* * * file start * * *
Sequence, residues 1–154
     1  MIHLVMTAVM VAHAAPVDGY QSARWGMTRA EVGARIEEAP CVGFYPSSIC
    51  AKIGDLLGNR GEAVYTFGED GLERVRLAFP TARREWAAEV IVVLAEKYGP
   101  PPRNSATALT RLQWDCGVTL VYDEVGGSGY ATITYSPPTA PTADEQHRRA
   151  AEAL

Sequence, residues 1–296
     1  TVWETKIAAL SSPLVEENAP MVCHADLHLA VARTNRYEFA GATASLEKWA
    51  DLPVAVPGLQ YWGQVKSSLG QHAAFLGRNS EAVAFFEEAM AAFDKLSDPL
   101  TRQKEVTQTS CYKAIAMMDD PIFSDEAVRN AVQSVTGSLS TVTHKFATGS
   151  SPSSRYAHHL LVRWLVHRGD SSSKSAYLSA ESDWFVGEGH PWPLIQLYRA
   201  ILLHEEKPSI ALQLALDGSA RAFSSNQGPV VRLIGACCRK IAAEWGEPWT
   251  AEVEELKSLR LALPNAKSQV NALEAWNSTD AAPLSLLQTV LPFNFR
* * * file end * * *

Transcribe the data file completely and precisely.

Sequence, residues 1–154
     1  MIHLVMTAVM VAHAAPVDGY QSARWGMTRA EVGARIEEAP CVGFYPSSIC
    51  AKIGDLLGNR GEAVYTFGED GLERVRLAFP TARREWAAEV IVVLAEKYGP
   101  PPRNSATALT RLQWDCGVTL VYDEVGGSGY ATITYSPPTA PTADEQHRRA
   151  AEAL

Sequence, residues 1–296
     1  TVWETKIAAL SSPLVEENAP MVCHADLHLA VARTNRYEFA GATASLEKWA
    51  DLPVAVPGLQ YWGQVKSSLG QHAAFLGRNS EAVAFFEEAM AAFDKLSDPL
   101  TRQKEVTQTS CYKAIAMMDD PIFSDEAVRN AVQSVTGSLS TVTHKFATGS
   151  SPSSRYAHHL LVRWLVHRGD SSSKSAYLSA ESDWFVGEGH PWPLIQLYRA
   201  ILLHEEKPSI ALQLALDGSA RAFSSNQGPV VRLIGACCRK IAAEWGEPWT
   251  AEVEELKSLR LALPNAKSQV NALEAWNSTD AAPLSLLQTV LPFNFR